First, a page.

As I thought of all of this, two things stood out. The first was in 1 Corinthians 12. There are many parts of the body, each with different functions, yet all work together to complement each other and perform the functions needed to carry out God’s purposes. God has assigned each of us our roles, and we are to be faithful in fulfilling the tasks He has given us by doing the next obvious needed thing or waiting patiently for His direction. As Scripture tells us, “Each one should use whatever gift he has received to serve others, faithfully administering God’s grace in its various forms” (1 Peter 4:10, NIV 1984).

 

The second part of this, somewhat related but distinct, was the responsibility that each of us have, in whatever role God has given us, to faithfully give our best effort to fulfill those roles to His glory. While relaying the parable of the three stewards, Matthew 25 reminds us that each of us is responsible for the talents (or in our case, ministries) that the Master has given us, not for the abilities and roles He did not give us. Which brought me to “A Covenant Prayer in the Wesleyan Tradition.”  

 

I am no longer my own, but thine.

Put me to what thou wilt, rank me with whom thou wilt.

Put me to doing, put me to suffering.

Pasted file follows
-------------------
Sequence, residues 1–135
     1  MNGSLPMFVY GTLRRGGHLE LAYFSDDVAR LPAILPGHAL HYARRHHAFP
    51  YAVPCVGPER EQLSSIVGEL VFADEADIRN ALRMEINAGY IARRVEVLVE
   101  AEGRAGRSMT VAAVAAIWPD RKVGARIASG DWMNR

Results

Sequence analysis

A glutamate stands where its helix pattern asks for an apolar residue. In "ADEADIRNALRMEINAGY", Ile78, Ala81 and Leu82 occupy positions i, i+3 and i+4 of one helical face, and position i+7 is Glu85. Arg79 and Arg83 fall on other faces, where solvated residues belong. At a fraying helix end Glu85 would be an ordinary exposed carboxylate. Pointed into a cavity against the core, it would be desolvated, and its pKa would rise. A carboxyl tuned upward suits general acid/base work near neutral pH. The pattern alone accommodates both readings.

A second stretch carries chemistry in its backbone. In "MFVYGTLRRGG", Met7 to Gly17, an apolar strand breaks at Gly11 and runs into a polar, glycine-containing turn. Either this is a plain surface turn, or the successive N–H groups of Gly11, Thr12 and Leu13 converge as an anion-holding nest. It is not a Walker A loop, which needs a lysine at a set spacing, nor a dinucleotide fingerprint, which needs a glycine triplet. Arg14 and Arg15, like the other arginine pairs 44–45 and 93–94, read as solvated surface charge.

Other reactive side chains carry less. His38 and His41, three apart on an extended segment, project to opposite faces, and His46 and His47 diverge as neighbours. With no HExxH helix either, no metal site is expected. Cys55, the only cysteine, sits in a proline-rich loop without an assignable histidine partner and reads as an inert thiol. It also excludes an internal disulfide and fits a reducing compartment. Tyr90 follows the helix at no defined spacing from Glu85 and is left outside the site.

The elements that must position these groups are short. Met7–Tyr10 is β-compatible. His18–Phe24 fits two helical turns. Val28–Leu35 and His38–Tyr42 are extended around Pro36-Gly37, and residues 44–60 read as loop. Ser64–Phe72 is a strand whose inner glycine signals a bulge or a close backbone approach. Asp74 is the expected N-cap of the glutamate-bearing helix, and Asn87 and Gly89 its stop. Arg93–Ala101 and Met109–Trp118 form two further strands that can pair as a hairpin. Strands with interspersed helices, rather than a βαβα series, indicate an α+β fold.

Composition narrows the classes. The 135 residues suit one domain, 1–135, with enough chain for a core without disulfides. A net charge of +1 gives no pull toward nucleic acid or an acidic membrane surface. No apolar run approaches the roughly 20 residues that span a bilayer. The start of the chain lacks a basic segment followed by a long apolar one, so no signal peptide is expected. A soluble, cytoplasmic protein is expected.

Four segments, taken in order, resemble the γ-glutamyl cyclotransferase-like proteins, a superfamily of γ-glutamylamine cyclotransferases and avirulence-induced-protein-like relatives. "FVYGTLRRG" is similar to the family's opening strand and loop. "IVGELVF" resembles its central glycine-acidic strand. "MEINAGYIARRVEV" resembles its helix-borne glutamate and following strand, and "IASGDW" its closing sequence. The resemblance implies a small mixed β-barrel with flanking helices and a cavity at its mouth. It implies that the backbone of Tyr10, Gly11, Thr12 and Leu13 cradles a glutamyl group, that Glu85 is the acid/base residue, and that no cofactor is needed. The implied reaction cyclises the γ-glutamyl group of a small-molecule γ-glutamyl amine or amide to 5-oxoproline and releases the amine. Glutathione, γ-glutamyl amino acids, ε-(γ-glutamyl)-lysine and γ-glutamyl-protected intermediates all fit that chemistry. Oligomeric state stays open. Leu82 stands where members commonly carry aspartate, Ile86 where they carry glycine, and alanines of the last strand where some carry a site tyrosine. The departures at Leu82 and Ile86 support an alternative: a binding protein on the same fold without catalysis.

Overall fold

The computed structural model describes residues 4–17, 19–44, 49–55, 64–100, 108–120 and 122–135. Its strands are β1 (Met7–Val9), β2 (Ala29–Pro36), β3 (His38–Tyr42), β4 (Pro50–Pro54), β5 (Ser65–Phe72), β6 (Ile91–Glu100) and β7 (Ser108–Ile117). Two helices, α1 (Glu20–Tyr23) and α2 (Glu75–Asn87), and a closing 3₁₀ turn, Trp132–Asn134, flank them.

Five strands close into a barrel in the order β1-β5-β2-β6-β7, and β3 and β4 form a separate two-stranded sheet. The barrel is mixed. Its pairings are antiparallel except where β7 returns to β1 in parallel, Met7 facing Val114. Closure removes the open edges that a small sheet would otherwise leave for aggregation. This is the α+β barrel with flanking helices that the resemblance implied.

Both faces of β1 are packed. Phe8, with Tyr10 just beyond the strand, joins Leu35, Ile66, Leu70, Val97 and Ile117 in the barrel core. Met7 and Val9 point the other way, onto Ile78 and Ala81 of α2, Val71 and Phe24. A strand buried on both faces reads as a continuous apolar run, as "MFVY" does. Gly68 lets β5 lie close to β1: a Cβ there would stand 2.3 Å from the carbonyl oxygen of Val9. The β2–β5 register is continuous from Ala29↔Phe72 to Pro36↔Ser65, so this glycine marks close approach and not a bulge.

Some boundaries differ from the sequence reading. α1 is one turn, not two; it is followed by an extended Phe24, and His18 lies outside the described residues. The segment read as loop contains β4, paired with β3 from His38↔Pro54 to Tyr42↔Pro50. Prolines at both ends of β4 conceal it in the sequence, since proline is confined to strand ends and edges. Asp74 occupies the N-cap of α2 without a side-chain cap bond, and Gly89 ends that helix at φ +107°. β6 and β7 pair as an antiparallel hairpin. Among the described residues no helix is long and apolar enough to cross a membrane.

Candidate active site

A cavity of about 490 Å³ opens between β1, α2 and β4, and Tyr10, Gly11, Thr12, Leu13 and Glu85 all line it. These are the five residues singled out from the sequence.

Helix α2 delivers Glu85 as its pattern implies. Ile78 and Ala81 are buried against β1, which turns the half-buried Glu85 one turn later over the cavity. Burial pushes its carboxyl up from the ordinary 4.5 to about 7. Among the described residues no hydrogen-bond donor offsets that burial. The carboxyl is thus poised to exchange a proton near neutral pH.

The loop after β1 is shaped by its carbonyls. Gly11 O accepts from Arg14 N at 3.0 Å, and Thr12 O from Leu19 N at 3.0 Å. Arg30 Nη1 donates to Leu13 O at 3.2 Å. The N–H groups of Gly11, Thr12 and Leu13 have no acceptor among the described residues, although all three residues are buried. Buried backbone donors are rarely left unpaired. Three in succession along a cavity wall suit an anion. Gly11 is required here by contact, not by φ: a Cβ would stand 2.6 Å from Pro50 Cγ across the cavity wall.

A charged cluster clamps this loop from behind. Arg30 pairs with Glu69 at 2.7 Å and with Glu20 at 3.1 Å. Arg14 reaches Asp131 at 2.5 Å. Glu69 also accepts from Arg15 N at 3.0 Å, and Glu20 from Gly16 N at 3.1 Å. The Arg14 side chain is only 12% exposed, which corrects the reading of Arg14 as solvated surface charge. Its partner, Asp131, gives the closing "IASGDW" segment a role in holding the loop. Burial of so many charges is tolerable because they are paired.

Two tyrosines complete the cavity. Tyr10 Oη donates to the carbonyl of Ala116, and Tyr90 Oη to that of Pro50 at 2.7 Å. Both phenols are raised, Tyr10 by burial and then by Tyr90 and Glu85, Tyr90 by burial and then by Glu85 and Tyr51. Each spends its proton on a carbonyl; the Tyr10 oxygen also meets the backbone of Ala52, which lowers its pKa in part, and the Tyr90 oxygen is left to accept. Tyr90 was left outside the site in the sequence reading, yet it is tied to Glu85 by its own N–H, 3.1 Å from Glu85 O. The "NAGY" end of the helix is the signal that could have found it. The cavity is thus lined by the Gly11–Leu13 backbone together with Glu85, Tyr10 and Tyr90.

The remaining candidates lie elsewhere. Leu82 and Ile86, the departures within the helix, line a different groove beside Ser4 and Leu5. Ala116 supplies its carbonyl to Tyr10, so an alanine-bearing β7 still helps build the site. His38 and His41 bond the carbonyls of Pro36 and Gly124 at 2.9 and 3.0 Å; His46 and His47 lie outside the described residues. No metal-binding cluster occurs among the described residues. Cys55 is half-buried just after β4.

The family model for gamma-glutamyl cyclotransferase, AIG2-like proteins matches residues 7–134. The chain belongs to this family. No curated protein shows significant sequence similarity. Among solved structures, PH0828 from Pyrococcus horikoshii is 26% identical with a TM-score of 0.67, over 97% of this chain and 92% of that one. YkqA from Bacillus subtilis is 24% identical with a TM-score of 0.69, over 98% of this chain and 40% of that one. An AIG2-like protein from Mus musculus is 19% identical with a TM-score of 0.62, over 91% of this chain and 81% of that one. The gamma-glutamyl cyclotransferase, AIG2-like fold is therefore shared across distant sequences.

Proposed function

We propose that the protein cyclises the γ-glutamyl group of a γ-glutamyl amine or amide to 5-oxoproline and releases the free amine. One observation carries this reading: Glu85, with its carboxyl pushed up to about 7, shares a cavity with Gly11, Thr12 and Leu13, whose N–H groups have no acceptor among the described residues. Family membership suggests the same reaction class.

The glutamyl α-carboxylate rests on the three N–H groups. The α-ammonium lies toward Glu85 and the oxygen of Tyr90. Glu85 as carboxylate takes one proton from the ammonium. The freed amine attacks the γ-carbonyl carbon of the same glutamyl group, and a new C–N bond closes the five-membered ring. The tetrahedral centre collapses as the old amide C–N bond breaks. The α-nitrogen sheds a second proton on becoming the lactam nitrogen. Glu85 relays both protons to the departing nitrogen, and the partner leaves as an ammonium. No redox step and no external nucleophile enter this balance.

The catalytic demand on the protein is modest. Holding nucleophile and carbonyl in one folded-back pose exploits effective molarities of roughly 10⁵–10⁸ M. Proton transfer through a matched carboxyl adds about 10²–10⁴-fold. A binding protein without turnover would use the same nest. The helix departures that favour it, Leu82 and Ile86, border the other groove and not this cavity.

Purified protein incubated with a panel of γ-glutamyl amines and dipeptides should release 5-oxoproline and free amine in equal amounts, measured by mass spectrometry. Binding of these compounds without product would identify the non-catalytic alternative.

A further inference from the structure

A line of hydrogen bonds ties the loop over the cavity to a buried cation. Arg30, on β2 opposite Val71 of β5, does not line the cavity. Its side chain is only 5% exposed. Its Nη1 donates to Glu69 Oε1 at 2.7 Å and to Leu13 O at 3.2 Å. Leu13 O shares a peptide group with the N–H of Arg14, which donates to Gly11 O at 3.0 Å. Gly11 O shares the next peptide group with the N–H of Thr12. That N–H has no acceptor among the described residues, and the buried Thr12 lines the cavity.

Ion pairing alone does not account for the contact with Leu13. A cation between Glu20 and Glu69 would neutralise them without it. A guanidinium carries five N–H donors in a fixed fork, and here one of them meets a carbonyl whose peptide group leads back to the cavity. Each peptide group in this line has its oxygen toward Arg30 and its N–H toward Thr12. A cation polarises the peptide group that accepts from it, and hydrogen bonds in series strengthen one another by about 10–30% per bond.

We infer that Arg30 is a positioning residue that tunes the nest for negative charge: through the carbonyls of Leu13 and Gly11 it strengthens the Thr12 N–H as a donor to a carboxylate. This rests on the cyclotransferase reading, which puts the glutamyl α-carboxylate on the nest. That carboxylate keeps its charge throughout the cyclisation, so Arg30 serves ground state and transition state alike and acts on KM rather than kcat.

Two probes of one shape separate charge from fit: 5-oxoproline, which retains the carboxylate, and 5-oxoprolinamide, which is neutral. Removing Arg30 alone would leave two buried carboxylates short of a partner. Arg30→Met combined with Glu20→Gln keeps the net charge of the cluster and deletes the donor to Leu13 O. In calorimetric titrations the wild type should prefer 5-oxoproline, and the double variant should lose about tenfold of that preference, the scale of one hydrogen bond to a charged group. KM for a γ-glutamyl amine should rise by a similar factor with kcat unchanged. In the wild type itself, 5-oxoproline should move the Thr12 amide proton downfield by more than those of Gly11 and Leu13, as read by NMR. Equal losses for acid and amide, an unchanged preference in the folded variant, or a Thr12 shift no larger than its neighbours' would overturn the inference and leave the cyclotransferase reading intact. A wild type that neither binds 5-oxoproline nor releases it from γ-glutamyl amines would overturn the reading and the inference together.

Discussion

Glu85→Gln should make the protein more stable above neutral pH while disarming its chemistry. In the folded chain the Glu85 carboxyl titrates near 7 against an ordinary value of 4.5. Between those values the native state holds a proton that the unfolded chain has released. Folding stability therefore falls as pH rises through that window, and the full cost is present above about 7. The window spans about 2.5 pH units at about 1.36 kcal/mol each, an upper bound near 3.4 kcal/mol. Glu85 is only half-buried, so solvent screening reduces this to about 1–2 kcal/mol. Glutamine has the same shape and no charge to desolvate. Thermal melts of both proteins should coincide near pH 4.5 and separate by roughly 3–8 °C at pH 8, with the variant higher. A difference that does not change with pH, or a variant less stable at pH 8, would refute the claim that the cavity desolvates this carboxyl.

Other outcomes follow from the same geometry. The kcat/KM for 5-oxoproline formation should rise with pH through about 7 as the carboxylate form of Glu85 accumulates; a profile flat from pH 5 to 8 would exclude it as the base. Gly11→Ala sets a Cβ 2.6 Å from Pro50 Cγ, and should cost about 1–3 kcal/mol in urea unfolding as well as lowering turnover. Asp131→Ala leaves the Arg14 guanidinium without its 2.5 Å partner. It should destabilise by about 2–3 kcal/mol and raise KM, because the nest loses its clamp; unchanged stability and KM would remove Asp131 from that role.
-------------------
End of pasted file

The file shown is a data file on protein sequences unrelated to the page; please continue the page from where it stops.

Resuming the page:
Let me be employed by thee or laid aside for thee,

Exalted for thee or brought low for thee.

Let me be full, let me be empty.

Let me have all things, let me have nothing.

I freely and heartily yield all things to thy pleasure and disposal.

And now, O Glorious and blessed God,

Father, Son, and Holy Spirit,

Thou art mine, and I am thine. So be it.

And the covenant which I have made on earth,

Let it be ratified in heaven. Amen.

 

Our God is sovereign, omniscient and omnipotent, and He knows the situations we are facing and each of us as individuals better than anyone by far. We are to remain faithful in whatever way and situation He sees best, and we can pray that someday, as the Master said to the two faithful stewards, He will say to us, “…‘Well done, good and faithful servant…You have been faithful…Enter into the joy of your master’” (Matthew 25:23, ESV).

Robert E. Cranston, MD, MA (Ethics)

About Robert E. Cranston, MD, MA (Ethics)

Robert E. Cranston, MD, MA (Ethics), MSHA, FAAN, CPE, is a board certified neurologist, with additional training and experience in palliative medicine, executive coaching and medical leadership. He currently serves at Carle Foundation Hospital, in Urbana, Illinois, as an attending neurologist, Medical Director for Talent Development and Learning and (Past Chair—14 years) of the Carle Ethics Committee. He is a clinical associate professor of medicine (neurology) at University of Illinois College of Medicine, Urbana-Champaign and Carle Illinois College of Medicine, and he is a member of the CMDA Ethics Committee.

1 Comment

  1. Avatar John Coppes on June 29, 2020 at 10:59 am

    Bob, thanks for these kind and reassuring words. I have had mixed emotions as this health crisis has developed. I do miss being in the front lines of health care and caring for patients, but at 78 (only retired fully for 2 years) the risk group I now fall into gives me pause that I feel guilty that I am glad I am not exposed daily. I imagine other retired physicians are having the same feelings.